A Wiki about biochemical individuality



Endotoxins are secreted exclusively by Coliform bacteria, so-called because they all morphologically resemble E. Coli, the most common species of the group. These bacteria should make up approximately 15% of the gut flora; however it is not uncommon for many people to have bowel populations of up to 85% or more coliform, bacteria. Gram positive bacteria do not secrete endotoxins on their surfaces. Gram negative coliforms are commonly coated with a mucus and fat slimy outer covering.

This coating is composed largely of lipopolysaccharides, fatty acids with long chains of simple sugars attached to them. The fatty portion is called Lipid A and it contains the toxic principal the polysaccharide portion (the 0 Antigen) however contains the reactive portion or antigen that stimulates the body's immune reaction, the production of antibodies. These lipopolysaccharides are extremely toxic to humans and animals. They are usually firmly bound to the bacteria outer membrane and are only released when the bacteria divides during reproduction or dies. Because they are bound in the bacteria membrane and not continually secreted, they are called endotoxins.

Although the cell walls of gram positive bacteria do not usually contain endotoxins, they contain other toxic chemicals on their surfaces which make them just as dangerous if you are infected with them. However these chemicals are: 1.) always found associated with the bacteria; 2.) do not migrate independently through the bloodstream as endotoxins can and 3.) are only active during infection.

From birth the defenses of the body constantly encounter endotoxins in the bloodstream. Immune reactions, such as the development of antibodies to circulating endotoxins are constantly being produced to the many variations in their shape and size. Very often these antibodies can cross react and mark healthy tissue for destruction. This is seen with the Yersinia enterocolitica. There is some research showing that antibodies to these bacteria are capable of cross-reacting with and destroying thyroid tissue. People with Hashimoto's disease typically have high levels of circulating antibodies to this organism.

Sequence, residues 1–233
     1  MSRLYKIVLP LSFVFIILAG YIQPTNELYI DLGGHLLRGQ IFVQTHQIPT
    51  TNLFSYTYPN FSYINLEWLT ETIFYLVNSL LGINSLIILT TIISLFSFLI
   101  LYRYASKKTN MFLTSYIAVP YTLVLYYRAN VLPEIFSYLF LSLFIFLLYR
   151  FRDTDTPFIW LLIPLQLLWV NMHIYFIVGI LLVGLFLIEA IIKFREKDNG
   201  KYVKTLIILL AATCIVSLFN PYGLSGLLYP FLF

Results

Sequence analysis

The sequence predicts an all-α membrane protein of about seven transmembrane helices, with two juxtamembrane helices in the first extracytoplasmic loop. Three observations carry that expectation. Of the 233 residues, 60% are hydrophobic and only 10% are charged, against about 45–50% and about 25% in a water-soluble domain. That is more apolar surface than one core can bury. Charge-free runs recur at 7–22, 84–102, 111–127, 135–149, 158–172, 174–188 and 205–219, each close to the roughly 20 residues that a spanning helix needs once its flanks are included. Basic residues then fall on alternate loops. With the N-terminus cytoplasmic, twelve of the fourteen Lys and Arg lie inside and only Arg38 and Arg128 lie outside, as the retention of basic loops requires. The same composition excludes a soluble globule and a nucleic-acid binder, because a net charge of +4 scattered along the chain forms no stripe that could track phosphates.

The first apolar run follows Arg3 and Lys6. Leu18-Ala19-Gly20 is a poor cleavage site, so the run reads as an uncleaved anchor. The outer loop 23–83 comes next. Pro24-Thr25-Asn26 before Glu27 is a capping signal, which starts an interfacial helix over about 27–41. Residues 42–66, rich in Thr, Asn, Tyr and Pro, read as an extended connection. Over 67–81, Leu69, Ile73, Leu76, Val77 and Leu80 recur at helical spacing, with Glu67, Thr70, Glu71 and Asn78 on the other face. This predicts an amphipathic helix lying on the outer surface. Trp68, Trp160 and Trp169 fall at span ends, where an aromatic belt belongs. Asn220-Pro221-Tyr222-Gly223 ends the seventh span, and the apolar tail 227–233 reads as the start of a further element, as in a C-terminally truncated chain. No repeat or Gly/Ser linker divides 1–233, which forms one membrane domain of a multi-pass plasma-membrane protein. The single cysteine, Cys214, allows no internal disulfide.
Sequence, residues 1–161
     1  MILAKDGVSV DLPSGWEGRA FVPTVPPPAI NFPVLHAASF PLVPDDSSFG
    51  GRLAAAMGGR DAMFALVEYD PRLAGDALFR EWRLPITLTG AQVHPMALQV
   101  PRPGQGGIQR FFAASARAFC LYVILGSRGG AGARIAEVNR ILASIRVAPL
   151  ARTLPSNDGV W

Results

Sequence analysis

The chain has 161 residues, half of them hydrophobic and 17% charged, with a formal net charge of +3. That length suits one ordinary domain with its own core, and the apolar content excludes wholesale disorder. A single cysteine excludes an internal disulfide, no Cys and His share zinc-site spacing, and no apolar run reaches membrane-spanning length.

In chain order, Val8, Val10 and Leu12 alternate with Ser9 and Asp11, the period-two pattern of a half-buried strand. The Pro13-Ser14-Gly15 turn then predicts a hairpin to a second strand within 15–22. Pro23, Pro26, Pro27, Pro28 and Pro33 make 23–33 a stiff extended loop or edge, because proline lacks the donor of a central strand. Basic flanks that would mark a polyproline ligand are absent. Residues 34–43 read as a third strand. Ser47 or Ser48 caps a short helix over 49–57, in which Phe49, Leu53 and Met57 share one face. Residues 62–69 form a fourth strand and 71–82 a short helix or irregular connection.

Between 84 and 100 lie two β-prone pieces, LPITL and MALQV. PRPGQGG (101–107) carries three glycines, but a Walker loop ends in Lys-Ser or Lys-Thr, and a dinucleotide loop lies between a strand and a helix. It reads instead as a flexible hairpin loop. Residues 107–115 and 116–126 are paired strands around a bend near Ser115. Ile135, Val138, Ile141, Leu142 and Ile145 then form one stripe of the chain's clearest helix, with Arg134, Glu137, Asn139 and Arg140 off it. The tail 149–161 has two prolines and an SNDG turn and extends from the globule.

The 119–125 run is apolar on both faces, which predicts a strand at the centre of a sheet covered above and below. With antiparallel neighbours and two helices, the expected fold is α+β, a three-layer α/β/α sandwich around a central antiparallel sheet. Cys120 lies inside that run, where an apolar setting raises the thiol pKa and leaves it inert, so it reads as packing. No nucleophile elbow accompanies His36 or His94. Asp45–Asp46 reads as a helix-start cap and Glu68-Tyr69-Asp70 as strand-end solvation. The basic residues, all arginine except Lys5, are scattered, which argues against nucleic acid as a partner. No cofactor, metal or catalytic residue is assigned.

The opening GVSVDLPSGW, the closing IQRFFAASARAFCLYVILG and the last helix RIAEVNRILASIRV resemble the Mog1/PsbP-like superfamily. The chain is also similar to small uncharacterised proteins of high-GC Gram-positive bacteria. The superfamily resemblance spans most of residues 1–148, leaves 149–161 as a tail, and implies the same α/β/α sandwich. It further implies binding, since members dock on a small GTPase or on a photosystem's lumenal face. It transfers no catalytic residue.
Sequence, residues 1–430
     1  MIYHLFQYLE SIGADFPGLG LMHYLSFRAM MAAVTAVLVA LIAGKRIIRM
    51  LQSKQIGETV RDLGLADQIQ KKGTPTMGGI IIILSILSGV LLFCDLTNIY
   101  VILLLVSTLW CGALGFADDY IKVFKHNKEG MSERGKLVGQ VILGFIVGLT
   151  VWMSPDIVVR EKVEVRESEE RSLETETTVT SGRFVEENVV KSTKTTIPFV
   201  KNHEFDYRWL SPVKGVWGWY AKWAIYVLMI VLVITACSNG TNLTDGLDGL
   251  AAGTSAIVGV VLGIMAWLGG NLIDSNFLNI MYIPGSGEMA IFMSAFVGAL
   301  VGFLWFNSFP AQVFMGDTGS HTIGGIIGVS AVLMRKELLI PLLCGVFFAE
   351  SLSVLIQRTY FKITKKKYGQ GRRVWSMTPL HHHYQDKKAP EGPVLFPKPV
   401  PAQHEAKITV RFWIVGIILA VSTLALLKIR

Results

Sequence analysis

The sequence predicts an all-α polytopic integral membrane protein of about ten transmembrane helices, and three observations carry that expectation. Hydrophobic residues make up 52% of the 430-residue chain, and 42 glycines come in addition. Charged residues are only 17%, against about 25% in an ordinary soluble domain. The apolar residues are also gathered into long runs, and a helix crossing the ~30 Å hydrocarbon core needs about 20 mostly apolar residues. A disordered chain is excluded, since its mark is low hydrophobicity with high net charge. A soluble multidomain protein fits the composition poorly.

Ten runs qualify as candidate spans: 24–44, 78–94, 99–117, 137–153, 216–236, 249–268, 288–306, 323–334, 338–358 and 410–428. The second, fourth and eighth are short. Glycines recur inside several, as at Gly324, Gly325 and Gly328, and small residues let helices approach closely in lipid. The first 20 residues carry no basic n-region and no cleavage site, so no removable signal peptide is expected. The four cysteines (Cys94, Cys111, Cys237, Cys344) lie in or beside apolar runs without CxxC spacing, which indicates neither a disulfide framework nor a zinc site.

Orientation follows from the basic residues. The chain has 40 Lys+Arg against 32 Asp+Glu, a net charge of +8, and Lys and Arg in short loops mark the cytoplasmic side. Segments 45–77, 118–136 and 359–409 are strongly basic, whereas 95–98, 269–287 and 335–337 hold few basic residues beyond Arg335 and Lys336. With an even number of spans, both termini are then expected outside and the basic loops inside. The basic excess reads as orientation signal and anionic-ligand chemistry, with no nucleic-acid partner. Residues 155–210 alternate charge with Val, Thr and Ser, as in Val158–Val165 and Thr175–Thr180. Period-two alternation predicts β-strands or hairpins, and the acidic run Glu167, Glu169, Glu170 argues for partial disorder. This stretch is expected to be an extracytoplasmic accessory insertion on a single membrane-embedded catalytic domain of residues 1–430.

Endotoxins cause septic shock, a well recognized immune reaction found in post surgical patients and in other hospital patients with predisposing factors such as diabetes, cirrhosis, leukemia and cancer. The great majority of immunosuppressed hospital patients will also experience hospital related septic shock. Statistics show 16 out of 1000 hospital admissions will develop serious septic shock and the number has risen consistently every year since 1935. Most of the time the endotoxins are produced by the normal inhabitants of the digestive tract, although a disturbing increase is being noticed in the cases of septic shock caused by bacteria which are unique to the hospital environment. Increased endotoxin loads can lead to hypotension, or paradoxically to constriction of the arteries and veins leading to decreased perfusion. This may be the association noted between bowel endotoxemia and migraine headaches. The poor blood flow into the tissues also results in the accumulation of a wide variety of organic acids, leading to acidosis.

Endotoxins cause damage in relationship to the amount that can pass into the body. Small amounts, such as those found in bowel ecosystems with large coliform. Populations, have less outright manifestations than larger amounts, such as might result from infection or septic shock. However even moderate endotoxemia will influence the immunoglobulin aggregate.

Endotoxins can be extremely potent cancer promoters. The link between dietary nitrates, such found in smoked or preserved meats, is well known. Less well known is the fact that nitrate synthesis within the body is increased nine fold in the presence of E. coli endotoxin. It can be amply demonstrated that bacterial toxins do exist in the body and under specialized situations are capable of causing great harm.



  • D'Adamo, P. Townsend Letter for Doctors, 1989 Port Washington, WA (USA)